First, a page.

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The Last Time Housing Was Affordable?: A New Book Titled "Growing Up Levittown: In a Time of Conformity, Controversy and Cultural Crisis:" An Interview with Author Steve Bergsman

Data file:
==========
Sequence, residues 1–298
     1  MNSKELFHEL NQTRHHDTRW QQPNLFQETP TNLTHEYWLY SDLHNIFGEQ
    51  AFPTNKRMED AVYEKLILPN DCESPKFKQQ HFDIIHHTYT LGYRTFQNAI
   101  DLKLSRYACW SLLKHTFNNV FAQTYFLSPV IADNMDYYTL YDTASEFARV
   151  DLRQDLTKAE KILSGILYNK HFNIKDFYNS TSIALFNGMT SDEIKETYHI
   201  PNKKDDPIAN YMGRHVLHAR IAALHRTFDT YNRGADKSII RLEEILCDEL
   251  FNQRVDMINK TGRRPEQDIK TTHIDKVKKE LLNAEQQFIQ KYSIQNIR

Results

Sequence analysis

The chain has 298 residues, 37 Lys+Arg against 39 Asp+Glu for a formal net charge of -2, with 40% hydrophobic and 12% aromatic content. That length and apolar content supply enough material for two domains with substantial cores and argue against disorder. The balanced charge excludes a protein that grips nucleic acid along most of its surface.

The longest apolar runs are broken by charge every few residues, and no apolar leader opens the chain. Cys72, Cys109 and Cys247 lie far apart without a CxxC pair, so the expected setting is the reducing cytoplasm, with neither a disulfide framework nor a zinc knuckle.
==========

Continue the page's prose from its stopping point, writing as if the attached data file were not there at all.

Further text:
Aug 31, 2011